•  Where are you getting that they (0+ / 0-)

          aren't?

          I call for universal minimum income,  an end to climate change, and free skittles for all!

          Fantasy is fun!

    •  Bear with me: Do you support single payer (0+ / 0-)

      healthcare?

      Sign the petition to demand a law-abiding Supreme Court.

      by Troubadour on Mon Jul 01, 2013 at 04:40:34 PM PDT

      [ Parent ]

      •  I do not have a definite opinion on health care (1+ / 0-)
        Recommended by:
        VClib

        However, just for the sake of the argument, let us suppose that I was in favor of single-payer health care.  What would follow from that?

        •  There is virtually no chance of single-payer (0+ / 0-)

          healthcare passing under the current Congress.  Supposing you supported it, would the fact that it wouldn't pass at the moment mean that you shouldn't publicly voice your support for single-payer, and shouldn't try to convince others to support it either?  In other words, is it legitimate to engage in self-fulfilling prophecies about what is and is not politically possible and still consider one's self progressive?

          Sign the petition to demand a law-abiding Supreme Court.

          by Troubadour on Mon Jul 01, 2013 at 05:31:54 PM PDT

          [ Parent ]

          •  I see what you are saying (2+ / 0-)
            Recommended by:
            Troubadour, Villanova Rhodes

            I guess if it were put to a vote, I would not like to see the justices of the Supreme Court impeached.  That is too radical for my taste.  But I would vote to repeal the Patriot Act.

            Of course, when you live in a district so gerrymandered that the opposing party does not even bother to put up a candidate; and when you also live in a state in which the candidates for president have already locked up the nomination before your state has a primary; and when you also live in a winner-take-all state that always goes Republican:  well, it’s hard not be just little nihilistic about the democratic process.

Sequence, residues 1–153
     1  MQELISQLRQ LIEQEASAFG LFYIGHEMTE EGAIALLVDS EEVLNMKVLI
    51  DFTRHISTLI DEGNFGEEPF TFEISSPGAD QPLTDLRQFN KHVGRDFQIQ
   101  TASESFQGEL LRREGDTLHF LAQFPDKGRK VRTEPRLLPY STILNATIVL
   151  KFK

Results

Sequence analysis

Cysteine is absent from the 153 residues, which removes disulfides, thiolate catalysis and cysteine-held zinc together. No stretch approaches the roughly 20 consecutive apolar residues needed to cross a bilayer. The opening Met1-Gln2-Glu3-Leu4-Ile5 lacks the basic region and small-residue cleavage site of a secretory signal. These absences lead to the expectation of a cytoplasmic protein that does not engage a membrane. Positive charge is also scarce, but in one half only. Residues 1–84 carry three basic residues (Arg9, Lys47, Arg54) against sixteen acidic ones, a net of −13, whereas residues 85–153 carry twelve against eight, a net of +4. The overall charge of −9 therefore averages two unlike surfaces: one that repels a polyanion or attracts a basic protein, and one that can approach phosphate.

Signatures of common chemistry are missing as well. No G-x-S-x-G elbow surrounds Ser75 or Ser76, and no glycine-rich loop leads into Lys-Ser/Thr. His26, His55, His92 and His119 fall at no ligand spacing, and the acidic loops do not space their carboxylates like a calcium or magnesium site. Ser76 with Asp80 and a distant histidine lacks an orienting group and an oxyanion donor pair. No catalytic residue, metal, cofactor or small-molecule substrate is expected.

•  That's reasonable. (0+ / 0-)

              I can understand if people are uncomfortable with signing up to support things if they feel that it's too much of a departure from the status quo.  At the same time, that kind of has to be in the job description of a progressive activist.

              With respect to gerrymandering, I hope you appreciate the role that this SCOTUS majority has played in enabling that, and also in further solidifying the Republican majorities thus created through both Citizens United and the VRA ruling.  A lot of what you're bemoaning came directly from them, and I wouldn't bet they're done yet fortifying Republican electoral power.

              Sign the petition to demand a law-abiding Supreme Court.

              by Troubadour on Mon Jul 01, 2013 at 06:14:47 PM PDT

              [ Parent ]

  •  Impeachment is impractical (4+ / 0-)
    Recommended by:
    Brecht, VClib, OldSoldier99, Victor Ward

    It can't work given the Congress and gerrymandering. Impossible. Not worth discussing as a remedy to an admittedly serious problem.

  •  when we have a huge house majority (10+ / 0-)

    and 2/3+ in the senate, i will call for impeachment. i promise.

    The cold passion for truth hunts in no pack. -Robinson Jeffers

    by Laurence Lewis on Mon Jul 01, 2013 at 04:33:27 PM PDT

    •  Is there any part of the Bill of Rights (1+ / 0-)
      Recommended by:
      Enzo Valenzetti

      that the Supreme Court could arbitrarily negate that would cause you to demand their impeachment?

      Sign the petition to demand a law-abiding Supreme Court.

      by Troubadour on Mon Jul 01, 2013 at 04:43:09 PM PDT

      [ Parent ]

      •  You do understand that there is no political will (7+ / 0-)

        to impeach any of the Supremes, right?

        It will never happen.  They made decisions.  It doesn't make them targets for impeachment.  Many of their decisions stunk, but there still is no cause for impeachment.

        Hell, after Thomas' wife was involved in what she was involved in and Thomas lied on his disclosure forms:  No impeachment proceedings.

        I hate this term, but you're beating a dead horse now.  Ain't never gonna happen.  

        •  Political will is created by people. (0+ / 0-)

          It rarely just materializes spontaneously except due to foundations created by the hard work of previous activists.  Earlier generations of Americans - particularly those who set the stage for the New Deal - understood that.  Since then we've sort of been brainwashed into having this kind of mentality of waiting around for the universe to give us our victories, and then they invariably just dissipate like Occupy because no one wants to build on them.

          It will never happen.